opinion

COLUMN: Teacher salaries must raise to avoid unrest



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Indiana Gov. Eric Holcomb discussed his plan for raising teacher salaries in Indiana, but it means that tax rates would increase for Hoosiers. This issue accumulated attention due to recent events across the nation.

Recent unrest by teachers around the nation support the notion that Indiana needs to take action before this issue affects the state.

According to an RTV6 Indianapolis article, Indiana teachers start out on just over $35,000 a year, making the state 26th in the lowest to highest salaries, Montana coming in at first, with $30,036 a year.

This information does not disclose how long a teacher must maintain the position to earn over the certain benchmarks, nor does it ensure that they will reach them.

This raises the concern of whether teachers will ever meet an appropriate salary, and how long it will take before this need is met.

Meanwhile, a portion of these underpaid teachers pay for their own classroom supplies, especially in underfunded schools corporations.

Teachers and administrators need to be paid more and given proper budgets for their dedications to educating our growing minds. With the possibility of requiring teachers to either learn how to use a firearm or carry a firearm on their person, teacher salaries need to be addressed more than ever.

So far, teacher strikes have occurred in West Virginia, Kentucky, Oklahoma, Colorado, Arizona and California. According to legislators and scholars in Indiana, teacher strikes are possible in the future, despite these protests being illegal in the state.

Kenneth Dau-Schmidt of the Maurer School of Law and Teresa Meredith, the president of the Indiana State Teachers Association, commented to the Chicago Tribune in 2018 on the teacher protests across the country, and how they can contribute to Indiana teachers eventually striking as well.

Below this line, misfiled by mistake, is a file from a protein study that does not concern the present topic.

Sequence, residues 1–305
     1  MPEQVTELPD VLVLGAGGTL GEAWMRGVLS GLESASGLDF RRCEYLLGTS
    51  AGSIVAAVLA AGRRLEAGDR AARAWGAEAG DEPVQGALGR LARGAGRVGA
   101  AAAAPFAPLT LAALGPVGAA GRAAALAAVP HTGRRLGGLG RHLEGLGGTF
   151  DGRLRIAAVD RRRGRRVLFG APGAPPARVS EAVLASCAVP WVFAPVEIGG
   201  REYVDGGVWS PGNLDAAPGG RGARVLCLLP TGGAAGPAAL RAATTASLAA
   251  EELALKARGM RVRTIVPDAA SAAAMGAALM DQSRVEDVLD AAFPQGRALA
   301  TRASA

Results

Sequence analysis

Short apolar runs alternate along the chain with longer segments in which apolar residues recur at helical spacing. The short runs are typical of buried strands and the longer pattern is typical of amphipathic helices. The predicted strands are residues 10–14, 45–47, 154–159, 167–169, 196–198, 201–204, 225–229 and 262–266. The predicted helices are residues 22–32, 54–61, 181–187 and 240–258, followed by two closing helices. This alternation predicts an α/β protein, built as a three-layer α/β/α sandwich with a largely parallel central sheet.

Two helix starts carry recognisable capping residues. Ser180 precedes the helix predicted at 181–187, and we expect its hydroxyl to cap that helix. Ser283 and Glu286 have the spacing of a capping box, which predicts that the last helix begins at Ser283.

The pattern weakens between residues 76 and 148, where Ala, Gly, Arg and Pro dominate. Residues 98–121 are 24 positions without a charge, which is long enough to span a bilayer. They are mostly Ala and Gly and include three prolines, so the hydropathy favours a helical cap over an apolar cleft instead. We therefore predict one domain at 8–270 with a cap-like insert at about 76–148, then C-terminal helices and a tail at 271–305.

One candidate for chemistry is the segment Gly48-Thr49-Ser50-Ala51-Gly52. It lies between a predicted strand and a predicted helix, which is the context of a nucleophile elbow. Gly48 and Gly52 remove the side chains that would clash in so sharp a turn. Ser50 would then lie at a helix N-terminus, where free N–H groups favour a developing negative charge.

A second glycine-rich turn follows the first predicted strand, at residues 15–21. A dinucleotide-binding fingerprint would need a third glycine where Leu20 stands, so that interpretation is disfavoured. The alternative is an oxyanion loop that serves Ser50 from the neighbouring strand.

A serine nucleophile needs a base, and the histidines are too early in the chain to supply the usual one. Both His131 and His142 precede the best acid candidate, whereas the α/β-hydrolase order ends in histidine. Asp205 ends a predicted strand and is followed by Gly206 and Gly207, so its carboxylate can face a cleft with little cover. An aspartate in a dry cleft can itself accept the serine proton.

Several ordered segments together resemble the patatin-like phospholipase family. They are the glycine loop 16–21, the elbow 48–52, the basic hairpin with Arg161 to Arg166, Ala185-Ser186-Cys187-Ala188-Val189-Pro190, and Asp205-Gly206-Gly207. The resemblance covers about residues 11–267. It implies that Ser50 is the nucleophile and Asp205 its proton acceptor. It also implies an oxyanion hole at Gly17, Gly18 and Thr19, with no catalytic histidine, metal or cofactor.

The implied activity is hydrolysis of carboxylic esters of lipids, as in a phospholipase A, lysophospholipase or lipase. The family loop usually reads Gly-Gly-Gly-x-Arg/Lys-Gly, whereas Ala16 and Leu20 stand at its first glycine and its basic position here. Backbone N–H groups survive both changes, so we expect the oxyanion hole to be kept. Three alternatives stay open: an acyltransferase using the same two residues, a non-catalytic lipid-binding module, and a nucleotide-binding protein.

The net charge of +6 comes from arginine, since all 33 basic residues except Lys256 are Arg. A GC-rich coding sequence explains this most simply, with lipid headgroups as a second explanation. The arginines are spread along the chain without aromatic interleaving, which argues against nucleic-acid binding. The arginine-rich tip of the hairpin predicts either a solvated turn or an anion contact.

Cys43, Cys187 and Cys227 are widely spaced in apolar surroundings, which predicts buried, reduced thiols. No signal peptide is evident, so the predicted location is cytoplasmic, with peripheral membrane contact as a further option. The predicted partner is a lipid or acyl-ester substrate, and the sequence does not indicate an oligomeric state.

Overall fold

Dau-Schmidt said that if a teacher strike were to occur in Indiana, the state would not be able to do much about it, despite the illegality of those actions.

“All of those states where they have had strikes, it's also illegal. If conditions get bad enough in a workplace, they will do it, even though they might lose their jobs," he elaborated.

His statement also speaks to the idea of putting forth funding for school corporations, and things as simple as supplies and classroom conditions.

Like Holcomb's proposed raise for teacher salaries, this raise will barely dent the needs of Indiana schools and their educators.

Although Holcomb rightly prioritized issues that are prevalent in our nation's current climate, such as an attempt to pass a much-needed hate crime bill, Holcomb needs to next direct action toward increasing teacher salaries, and increasing funds for Indiana schools.

The most recent action that Holcomb has taken is appointing the Next Level Teacher Pay Commission to make recommendations for salaries. However, only one representative of this committee is in an educator position.

Although the governor is working on fixing this issue, it's ultimately up to lawmakers to support our educators. Indiana needs to buckle down and make a decision on this issue before teachers rally, and Hoosier children are left without proper education.

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